Mount Columbia, 14073 ft, Colorado

21-22 May 2004 - by Bill Stafford

Left Denver on Friday afternoon around 2 pm, headed for Buena Vista. It was a beautiful mid-70's, blue sky day.

I drove up the fairly-well maintained jeep road (a little rough in spots, but any car can make this drive) to arrive at the 9,880-foot North Cottonwood Trailhead at about 4:30 pm. By 5:15, I was headed down the trail, with only a tee-shirt on my back.

The initial trail, up to the wood-bridge (45 minute walk, or so) runs in a westerly direction and is covered by numerous patches of snow, some 2+ feet deep. I could walk around a lot of the the patches, but occasionally had to post-hole through. (I had brought snowshoes (thankfully), but did not yet feel I needed them.

A hundred yards after crossing the bridge, the trail Y's to the north-west. At about 10,500 feet, the snow is starting to become continuous, and I find I must don my snowshoes. I find a small bare spot to pitch my tent (there aren't many) near 11,000 feet, at about 7:15 pm. After unpacking, eating, hanging my food, etc., I lay down to read a little Stephen King (Dreamcatcher). About 10 pm, I unzip the side of my single wall (Bibler Awahnee II - I love this tent) to check out the stars for a bit, and then zip up and try for sleep. If not for a couple of critters scratching at my tent during the night and the repercussions of reading Stephen King, alone in the middle of the wilderness night, I feel sure I would have slept much better.

I awoke at 6:15 am, boiled some water for an oatmeal/instant coffee breakfast, generally took my time, and left for Mount Columbia at 7:45 am. Clear blue skies with just a few wisps of clouds, no wind, and I estimate the temperature near 40 degrees.

I follow the trail north-northwest through the trees. Others have recently (a day or two ago) been through here, and I can follow their footsteps in the snow fairly easily - my GPS unit serves as partial backup. Near 11,450 feet, I climb a steep but short slope on my right, then bushwack through the trees for a bit to the east. The snow here is deep, several feet. I expect a difficult descent when it grows soft.

I come out of the trees after 5 minutes, above treeline, with a fairly clear view of my route before me. There are two large walls of rock far to the left and to the right, with a steep slope in front of me. The slope, I know, leads to a ridge I must gain in order to reach the summit. (2000 feet of gain in 4200 feet of run - WOOHOO, can't wait.) The sun has not yet peeked out from behind the ridge, but I am pretty comfortable in pants covered with thin snowpants, shirt and shell jacket.

I climb the couloir in front of me, heading east and then northeast, mostly in snow. After a bit, I leave my snowshoes in a cluster of boulders in the middle of the snowfield, and continue on a cairned trail in the snow-free scree and then talus. After a relentless grunt of a hike up this slope, I finally arrive at the 13,600-foot ridge at about 10:45 am, 3 hours after leaving my 11,000-foot camp.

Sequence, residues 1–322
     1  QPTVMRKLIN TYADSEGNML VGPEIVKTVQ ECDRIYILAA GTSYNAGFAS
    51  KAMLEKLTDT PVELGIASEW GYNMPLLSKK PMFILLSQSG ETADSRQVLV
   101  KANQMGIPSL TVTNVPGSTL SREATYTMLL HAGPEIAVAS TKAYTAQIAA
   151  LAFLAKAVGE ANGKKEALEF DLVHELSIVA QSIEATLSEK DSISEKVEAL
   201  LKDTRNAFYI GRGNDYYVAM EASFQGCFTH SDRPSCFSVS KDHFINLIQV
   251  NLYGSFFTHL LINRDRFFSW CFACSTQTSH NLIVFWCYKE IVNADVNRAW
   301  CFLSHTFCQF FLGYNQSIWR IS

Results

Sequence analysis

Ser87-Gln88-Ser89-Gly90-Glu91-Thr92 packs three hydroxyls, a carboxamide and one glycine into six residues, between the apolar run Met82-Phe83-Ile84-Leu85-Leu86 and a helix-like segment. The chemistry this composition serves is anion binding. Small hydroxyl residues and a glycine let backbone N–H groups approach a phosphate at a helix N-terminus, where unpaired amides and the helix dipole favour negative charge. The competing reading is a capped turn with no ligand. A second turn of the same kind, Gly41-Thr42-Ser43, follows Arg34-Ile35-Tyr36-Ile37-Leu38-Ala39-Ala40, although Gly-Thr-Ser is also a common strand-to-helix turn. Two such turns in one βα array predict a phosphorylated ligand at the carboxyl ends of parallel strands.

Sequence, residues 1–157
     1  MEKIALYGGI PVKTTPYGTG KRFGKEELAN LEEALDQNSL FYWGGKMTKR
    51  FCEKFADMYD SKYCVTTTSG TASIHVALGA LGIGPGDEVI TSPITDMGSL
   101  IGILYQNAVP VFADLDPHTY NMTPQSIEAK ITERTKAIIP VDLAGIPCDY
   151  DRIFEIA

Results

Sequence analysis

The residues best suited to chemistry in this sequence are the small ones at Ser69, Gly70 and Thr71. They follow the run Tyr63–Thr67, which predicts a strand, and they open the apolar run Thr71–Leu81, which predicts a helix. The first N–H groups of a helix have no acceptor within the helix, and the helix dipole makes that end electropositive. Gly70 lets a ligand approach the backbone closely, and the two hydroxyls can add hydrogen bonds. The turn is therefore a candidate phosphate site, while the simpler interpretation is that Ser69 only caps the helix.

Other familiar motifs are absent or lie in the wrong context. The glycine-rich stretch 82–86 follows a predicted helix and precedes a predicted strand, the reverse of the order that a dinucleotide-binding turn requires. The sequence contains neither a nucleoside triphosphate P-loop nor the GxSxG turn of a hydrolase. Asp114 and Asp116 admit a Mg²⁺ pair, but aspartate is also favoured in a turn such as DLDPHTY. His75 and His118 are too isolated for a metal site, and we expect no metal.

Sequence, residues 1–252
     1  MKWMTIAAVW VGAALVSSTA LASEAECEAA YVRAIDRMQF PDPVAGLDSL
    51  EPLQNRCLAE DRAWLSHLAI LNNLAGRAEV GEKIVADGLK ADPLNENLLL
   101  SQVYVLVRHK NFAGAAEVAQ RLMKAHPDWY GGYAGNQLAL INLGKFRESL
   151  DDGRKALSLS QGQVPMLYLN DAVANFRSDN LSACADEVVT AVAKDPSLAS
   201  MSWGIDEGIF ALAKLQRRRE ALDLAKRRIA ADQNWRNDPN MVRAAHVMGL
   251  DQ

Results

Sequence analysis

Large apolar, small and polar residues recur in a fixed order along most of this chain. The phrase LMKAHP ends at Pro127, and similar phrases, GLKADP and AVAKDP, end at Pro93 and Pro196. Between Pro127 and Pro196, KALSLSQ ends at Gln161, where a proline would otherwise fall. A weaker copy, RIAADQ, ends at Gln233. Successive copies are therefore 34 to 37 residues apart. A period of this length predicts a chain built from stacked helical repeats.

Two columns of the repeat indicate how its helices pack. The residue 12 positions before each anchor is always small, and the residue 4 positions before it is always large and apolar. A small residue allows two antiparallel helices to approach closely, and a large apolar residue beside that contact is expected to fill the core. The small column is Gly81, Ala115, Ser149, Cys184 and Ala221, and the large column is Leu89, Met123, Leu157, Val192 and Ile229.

The summit looms to the north, a bit less than 500 feet of elevation to go, but still 2/3rds of a mile away. There is a lot of snow on this ridge, but the cold has left it hard enough that snowshoes are (thankfully) not needed. The wind is really strong, trying to knock me over, and I pause to put on a layer. Good thing it is not snowing, for I left my ski goggles at home. (Never again.) As I make my way along the ridge, the only tracks in the snow are those of a mountain goat.

Ahhh, there's the summit, at last... but alas, it is false. Curses. A bit farther, there it is... not yet. Grrrr... Finally, victory, at 11:15 am. (This is my third attempt of Mount Columbia, the first foiled by a looming summer storm, the second failure (8 weeks ago) ending back at the saddle (so close) and resulting from lack of fuel in my tank and cold/foul weather.) I take a couple of summit pix, settle down on the east side in a cluster of boulders, and give Kristen a call to share the moment (but am resigned to simply leaving a message.) I throw down my first bit of food since breakfast.

The hike back to the tent is uneventful. I re-entered the trees, and thought I saw somebody's jacket hanging from a tree once, but then lost sight of it. As I gain the main trail that feeds both Columbia and Harvard, I note the tracks of someone else, but have not seen a soul since leaving the trailhead yesterday.

The snow is really soft now and the temperature must be 50+ degrees. I arrive back at the tent at about 2 pm. I was thinking about spending another night here, just relaxing after the exhaustion of the day, but decide to gut it out by packing up and heading out. The going is slow, with the heavy pack and the soft snow, but I finally arrive back at the trailhead at 4:45 pm, a wonderful 23.5 hours of activity behind me. Looking forward to the drive back to Denver. HA! HA!

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